Sofia Coppola had a crush on actor Bill Murray for decades. She’s worked with him on “Lost in Translation,” which yielded four Oscar nominations (Picture, Director, Actor, and Original Screenplay, the last won by Coppola); the star-crammed 2015 one-hour Netflix Christmas special “A Very Murray Christmas,” which they wrote with Mitch Glazer, co-starring Murray, George Clooney, Michael Cera, Amy Poehler and Rashida Jones; and “On the Rocks” which reunited Coppola, Murray, and Jones, the latter in a role modeled — as Scarlett Johansson’s was in “Lost in Translation” — on Coppola herself.
This time, Murray landed Supporting Actor Golden Globe and Critics Choice nominations for his larger-than-life art dealer trying to help his novelist daughter make sense of her writing, marriage, and parenting. With Murray, Coppola said on the phone, “the character takes over. He had to be charismatic and come take over her life. That’s part of the dynamic of this film. And I knew she was strong enough to hold her own with him. He brings a sense of magic and fun.”
Coppola would never have made “Lost in Translation” if she hadn’t fantasized hanging out with Murray at Tokyo’s Park Hyatt Bar. “I loved his melancholy side,” said Coppola. “I loved dressing him up in a beautiful suit, and capturing a side of him other people don’t see, his sensitive side.”
He verbally committed to her after their first five-hour meeting in downtown Manhattan. With no signed deal agreement, however, Coppola anxiously waited for Murray to arrive in Tokyo for the start of shooting. “If he says he’s going to do it, he’ll show up,” said her friend and repeat Murray collaborator Wes Anderson.
When Coppola describes “Lost In Translation,” it sounds like she could be talking about her own relationship with Murray. “It was about when you have a connection with someone,” said Coppola. “You never know. When you encounter someone you can instantly be hit by a look or a sense of humor. It was something that’s romantic without a sexual or real relationship. It does not mean he could actually be with you, but you could still have something of that bittersweet aspect. It’s the best way to connect with someone.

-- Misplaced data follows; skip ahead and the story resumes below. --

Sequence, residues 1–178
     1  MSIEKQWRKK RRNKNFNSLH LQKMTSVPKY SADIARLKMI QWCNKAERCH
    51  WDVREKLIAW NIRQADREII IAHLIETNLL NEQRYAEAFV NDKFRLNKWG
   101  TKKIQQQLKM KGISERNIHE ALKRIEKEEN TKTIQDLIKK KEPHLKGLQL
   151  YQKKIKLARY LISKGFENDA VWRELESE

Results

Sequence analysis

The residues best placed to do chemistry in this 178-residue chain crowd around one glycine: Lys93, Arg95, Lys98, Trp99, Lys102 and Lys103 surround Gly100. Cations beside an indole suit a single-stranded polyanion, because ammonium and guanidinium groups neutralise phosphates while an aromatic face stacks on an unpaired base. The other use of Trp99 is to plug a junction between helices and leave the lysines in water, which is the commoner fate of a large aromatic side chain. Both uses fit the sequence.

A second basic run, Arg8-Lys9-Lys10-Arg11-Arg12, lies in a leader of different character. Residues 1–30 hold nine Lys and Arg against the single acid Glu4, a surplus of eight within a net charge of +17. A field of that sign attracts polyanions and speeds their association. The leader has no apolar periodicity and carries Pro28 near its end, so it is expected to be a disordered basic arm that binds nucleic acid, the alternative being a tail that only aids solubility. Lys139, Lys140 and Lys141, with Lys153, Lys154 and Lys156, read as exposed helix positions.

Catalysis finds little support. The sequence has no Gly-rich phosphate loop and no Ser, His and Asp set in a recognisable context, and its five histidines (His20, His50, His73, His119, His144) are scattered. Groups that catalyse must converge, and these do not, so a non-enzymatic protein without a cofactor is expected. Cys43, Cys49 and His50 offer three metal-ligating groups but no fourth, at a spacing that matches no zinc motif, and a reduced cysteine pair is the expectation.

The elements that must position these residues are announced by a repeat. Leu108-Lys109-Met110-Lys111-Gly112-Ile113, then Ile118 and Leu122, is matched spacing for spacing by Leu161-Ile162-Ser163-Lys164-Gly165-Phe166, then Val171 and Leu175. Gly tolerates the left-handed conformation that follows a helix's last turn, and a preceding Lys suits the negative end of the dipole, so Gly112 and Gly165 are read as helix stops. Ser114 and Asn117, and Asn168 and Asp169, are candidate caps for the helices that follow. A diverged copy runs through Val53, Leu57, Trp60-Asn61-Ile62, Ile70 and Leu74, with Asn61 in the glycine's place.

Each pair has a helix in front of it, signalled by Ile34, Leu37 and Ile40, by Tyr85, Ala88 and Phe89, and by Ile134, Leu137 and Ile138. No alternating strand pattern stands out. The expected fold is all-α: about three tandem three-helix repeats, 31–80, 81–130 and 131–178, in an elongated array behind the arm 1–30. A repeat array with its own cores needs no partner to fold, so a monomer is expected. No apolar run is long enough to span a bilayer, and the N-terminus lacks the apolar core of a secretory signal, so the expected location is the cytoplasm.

“He’s so smart,” she said. “He got what that character was looking for. We didn’t talk about it. He showed up and knew the tone of it. He found it as we went. He just got it. I feel a connection with him, in that he understands what I’m trying to do.”
Sometime during shooting on “Lost in Translation,” Murray started calling Coppola “boss.” “I was a kid in my late 20s, he was helpful, always mysterious,” she said. “He would help to motivate the crew at 4 am and pick up equipment and say, ‘Let’s go!’ He contributes so much. He always did something surprising that I didn’t expect and added more to it.”
It took years for Coppola to work up the courage to offer Murray another leading role in a feature film. “I was avoiding it,” she said, “I wanted to. It felt like I’d never be able to live up to what people love about him in that film. Working on this script, I thought, ‘I have to figure it out.'”
Coppola wanted to dig into the ways Murray could play a more mature character. “This is a different stage of life,” she said. “He’s a father. I didn’t want to miss a chance to work with him again. He can bring so much more to it, have unlikable qualities, but you like the character, because he’s so lovable, he can make it palatable. I loved seeing his flawed side.”
The first time they met on this project, Murray was wearing a seersucker suit. “I always remember that,” she said. “I thought it would be fun to put him in seersucker as a world-traveling art dealer.” Murray didn’t disappoint as wealthy semi-retired Felix in “On the Rocks”: He’s overbearing, insensitive, an instinctive womanizer, and his distrust of his son-in-law Dean — which is really a statement of how he views himself — gets his daughter Laura into a serious mess. “But he brought tenderness between them,” said Coppola.
In one scene, when Murray picks up Laura to take her to 21 on her birthday, he offers her a bouquet of roses. “Bill smells the roses,” said Coppola. “When he went to put it in her arms, he embraced the roses. Only he would do that. It’s those kinds of moments that bring so much to it.” When he takes Laura back to a secret room at the Sherry Netherland that contains a Monet, he walks backward. “He has in life that sense of fun and mischief that he brings to it.”
It’s not just flourishes and funny business, though. In one Mexico scene, Felix movingly opens up to Laura about a past girlfriend who died. “It felt like he was talking about someone real,” said Coppola. “He’s putting his vulnerable side out there. He’ll open up like that when it’s called for. He’s unique, a national treasure.”